The embassy continued its sponsorship of the participation of religious scholars, teachers, and leaders in exchange programs in the United States designed to promote religious tolerance and a better understanding of the right to practice one’s faith as a fundamental human right and source of stability. In October the embassy granted a $750,000 award for a project to preserve religious and cultural heritage, focusing on protecting the country’s interfaith tradition and highlighting the heritage of religious minorities. The nonprofit organization Search for Common Ground is scheduled to implement the project, building interfaith youth coalitions in six communities to promote and preserve religious heritage sites.
The constitution defines the country as a secular state and provides for freedom of religion. The Committee for Social Accord (CSA), part of the Ministry of Social Development (MSD), is responsible for religious issues. According to local and international observers, authorities imposed restrictions and scrutiny on what the government considers “nontraditional” religious groups, including Muslims who practice a version of Islam other than the officially recognized Hanafi school of Sunni Islam and Protestant Christians. Authorities continued to arrest, detain, and imprison individuals on account of their religious beliefs or affiliation; restrict religious expression; prevent unregistered groups from practicing their faith; restrict assembly for peaceful religious activities; restrict public manifestation of religious belief; restrict religious expression and customs, including religious clothing; criminalize speech “inciting religious discord”; restrict proselytism; restrict the publication and distribution of religious literature; censor religious content; and restrict acquisition or use of buildings used for religious ceremonies and purposes. The government raided religious services, prosecuted individuals for “illegal missionary activity,” and refused to register “nontraditional” religious groups. In April a Karaganda court convicted three men accused of being members of the Sunni missionary organization Tabligi Jamaat for disseminating ideas and recruiting members on the group’s behalf; the court sentenced them to three years imprisonment. In May a court sentenced a high school student to four years’ imprisonment for incitement of religious discord in connection with the creation of a group on social media and the dissemination of religious material it labeled as extremist. In January an Almaty court sentenced a Muslim to seven years imprisonment after he posted an interpretation of Quranic verses online. According to the local nongovernmental organization (NGO) Association of Religious Organizations of Kazakhstan (AROK), authorities reduced their pressure on minority religious communities, with fewer arrests and less harassment. Forum 18, an international NGO based in Norway, noted 165 administrative prosecutions for violations of the religion law in 2018 and 284 such prosecutions in 2017. Forum 18, however, released a religious freedom survey for the period 2014 to 2018, noting increasing numbers of prisoners of conscience jailed for exercising freedom of religion and belief; unfair trials and torture of prisoners; and making exercise of freedom of religion and belief dependent on state permission. The government considered draft legislation that would place additional restrictions on religious attire, symbols, education, and literature, as well as proselytizing and membership and participation in religious communities; civil society representatives and religious experts stated they feared such amendments would further infringe religious liberty. Government officials indicated at the end of the year that the draft legislation was unlikely to become law.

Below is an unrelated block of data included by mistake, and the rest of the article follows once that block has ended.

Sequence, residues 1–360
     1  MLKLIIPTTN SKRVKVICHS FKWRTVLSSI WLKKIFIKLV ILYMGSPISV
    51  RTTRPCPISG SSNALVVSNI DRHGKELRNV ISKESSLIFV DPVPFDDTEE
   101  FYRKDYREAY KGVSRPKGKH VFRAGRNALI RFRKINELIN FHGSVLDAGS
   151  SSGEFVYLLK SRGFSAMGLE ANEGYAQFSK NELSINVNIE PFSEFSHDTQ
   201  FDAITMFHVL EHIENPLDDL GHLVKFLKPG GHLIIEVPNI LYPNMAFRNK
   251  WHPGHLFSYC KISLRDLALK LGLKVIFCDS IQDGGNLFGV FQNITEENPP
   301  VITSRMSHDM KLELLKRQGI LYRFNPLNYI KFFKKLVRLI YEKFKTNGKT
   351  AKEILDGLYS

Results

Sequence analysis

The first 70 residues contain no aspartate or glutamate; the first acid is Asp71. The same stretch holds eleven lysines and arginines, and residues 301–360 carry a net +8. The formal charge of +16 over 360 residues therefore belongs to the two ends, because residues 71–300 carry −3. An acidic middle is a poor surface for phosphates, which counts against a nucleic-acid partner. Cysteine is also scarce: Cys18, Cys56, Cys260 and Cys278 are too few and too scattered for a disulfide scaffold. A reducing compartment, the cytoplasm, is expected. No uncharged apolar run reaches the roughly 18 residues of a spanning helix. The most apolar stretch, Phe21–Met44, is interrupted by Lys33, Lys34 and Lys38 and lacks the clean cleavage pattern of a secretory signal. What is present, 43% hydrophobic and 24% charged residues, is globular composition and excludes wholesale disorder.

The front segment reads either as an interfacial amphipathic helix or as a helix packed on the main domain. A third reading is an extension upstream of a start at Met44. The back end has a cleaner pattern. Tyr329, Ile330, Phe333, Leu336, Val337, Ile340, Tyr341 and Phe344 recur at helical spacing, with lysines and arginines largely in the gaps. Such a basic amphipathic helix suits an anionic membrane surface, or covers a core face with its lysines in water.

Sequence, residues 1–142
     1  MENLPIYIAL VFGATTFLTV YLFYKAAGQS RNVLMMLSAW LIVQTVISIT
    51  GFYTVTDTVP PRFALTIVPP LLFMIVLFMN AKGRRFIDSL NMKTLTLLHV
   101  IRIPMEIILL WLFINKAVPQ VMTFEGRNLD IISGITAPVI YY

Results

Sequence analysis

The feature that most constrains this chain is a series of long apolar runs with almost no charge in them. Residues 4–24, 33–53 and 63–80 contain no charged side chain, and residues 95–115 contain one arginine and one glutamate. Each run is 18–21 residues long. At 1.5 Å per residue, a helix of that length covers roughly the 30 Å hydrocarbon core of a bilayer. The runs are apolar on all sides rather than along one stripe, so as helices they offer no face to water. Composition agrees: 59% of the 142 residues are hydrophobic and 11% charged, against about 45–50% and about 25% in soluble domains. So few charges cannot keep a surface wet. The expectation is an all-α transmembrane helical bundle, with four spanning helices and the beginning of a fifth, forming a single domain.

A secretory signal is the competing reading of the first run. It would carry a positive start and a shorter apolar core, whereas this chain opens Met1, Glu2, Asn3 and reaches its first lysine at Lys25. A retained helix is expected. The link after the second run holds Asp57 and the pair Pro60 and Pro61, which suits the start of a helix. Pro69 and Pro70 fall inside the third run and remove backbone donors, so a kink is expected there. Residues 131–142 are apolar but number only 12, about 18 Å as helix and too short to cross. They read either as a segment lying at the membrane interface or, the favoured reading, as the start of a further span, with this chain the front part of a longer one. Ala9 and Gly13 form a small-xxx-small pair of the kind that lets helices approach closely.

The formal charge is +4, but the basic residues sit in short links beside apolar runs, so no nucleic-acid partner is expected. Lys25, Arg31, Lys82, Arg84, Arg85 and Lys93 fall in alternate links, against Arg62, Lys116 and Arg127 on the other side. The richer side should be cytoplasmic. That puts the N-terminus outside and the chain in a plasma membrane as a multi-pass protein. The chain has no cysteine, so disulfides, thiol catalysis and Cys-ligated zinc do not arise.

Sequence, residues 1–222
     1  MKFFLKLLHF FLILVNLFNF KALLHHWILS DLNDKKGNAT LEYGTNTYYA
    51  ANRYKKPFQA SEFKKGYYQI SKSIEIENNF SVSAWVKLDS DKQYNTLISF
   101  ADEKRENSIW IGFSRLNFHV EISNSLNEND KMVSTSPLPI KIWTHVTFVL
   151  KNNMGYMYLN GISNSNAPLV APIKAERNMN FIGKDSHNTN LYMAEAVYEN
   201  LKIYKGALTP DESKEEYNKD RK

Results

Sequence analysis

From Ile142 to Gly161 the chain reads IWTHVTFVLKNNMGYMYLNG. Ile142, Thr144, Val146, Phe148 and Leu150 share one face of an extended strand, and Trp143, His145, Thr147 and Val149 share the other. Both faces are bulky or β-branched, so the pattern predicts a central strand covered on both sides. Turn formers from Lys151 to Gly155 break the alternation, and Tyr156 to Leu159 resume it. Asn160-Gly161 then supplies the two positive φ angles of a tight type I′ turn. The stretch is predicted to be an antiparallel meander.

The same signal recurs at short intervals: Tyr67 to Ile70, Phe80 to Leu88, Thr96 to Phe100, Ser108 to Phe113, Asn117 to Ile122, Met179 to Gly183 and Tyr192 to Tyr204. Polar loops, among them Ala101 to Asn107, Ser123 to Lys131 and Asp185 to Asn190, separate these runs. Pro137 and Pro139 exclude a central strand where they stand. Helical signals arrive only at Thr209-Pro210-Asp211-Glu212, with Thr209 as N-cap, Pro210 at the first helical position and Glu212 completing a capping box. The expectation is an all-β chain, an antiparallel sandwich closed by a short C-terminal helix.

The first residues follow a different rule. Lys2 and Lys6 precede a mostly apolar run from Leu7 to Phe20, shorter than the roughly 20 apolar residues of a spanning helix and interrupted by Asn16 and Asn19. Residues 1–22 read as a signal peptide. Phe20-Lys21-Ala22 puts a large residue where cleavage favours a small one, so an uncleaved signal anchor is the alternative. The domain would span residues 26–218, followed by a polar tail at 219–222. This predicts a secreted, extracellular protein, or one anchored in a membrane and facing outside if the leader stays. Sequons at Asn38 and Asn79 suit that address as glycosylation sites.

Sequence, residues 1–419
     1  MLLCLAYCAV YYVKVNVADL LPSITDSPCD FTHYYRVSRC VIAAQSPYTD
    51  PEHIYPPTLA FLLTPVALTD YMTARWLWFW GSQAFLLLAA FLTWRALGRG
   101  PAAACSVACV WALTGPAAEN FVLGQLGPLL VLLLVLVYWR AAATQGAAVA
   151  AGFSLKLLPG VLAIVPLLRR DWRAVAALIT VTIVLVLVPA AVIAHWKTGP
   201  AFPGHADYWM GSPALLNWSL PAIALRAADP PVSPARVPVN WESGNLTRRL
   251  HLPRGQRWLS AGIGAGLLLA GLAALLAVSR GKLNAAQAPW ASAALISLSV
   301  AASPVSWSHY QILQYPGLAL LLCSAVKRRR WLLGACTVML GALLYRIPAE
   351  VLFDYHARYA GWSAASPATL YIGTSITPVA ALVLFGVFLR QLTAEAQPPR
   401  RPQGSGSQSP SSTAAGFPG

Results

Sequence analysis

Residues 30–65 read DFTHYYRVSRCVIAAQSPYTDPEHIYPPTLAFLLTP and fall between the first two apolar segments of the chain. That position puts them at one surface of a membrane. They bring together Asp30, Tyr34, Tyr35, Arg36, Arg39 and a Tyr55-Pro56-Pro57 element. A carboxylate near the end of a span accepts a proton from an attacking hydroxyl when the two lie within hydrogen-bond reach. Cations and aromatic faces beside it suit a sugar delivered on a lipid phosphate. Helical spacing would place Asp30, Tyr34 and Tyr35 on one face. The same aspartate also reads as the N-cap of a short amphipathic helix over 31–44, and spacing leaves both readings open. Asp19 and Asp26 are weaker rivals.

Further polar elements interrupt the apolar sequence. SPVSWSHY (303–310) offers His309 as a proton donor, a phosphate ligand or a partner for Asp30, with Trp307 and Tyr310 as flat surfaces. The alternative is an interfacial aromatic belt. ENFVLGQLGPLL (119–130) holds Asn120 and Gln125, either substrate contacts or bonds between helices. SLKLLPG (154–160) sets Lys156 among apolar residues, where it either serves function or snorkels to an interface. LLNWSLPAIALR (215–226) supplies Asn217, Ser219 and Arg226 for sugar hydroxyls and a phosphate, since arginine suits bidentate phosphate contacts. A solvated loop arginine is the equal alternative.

AROK reported that fewer media organizations released articles or broadcasts defaming minority religious groups they regarded as “nontraditional,” compared to 2017. In March the Aktobe Times web newspaper posted an article entitled, “The ‘Truth’ Poisons Children,” with negative coverage of the activity of Baptist churches in Aktobe and Martuk. The Kazakhstan International Bureau for Human Rights and Rule of Law (KIBHR) and other civil society organizations reported they received many letters containing citizens’ complaints about “nontraditional” faiths and their harmful impact on society. NGOs and academics reported that members of certain religious groups, including Muslims who wear headscarves or other identifying attire, as well as Christian groups perceived as proselytizing, such as evangelical, Baptist, and Jehovah’s Witness churches, continued to face greater societal scrutiny and discrimination.
The Vice President, the Ambassador at Large for International Religious Freedom, the Ambassador, and other U.S. officials engaged in dialogue with the government to urge respect for religious freedom, both in general and with regard to specific cases, including a regular and recurring dialogue with the MSD and CSA. This included raising concerns over the restrictive effects on religious freedom of the government’s implementation of both the religion law and the criminal and administrative codes, especially concerning criminal penalties for peaceful religious speech, praying without registration, and censorship of religious literature. U.S. diplomatic officials visited various houses of worship and maintained contact with a wide range of religious communities and religious freedom advocates.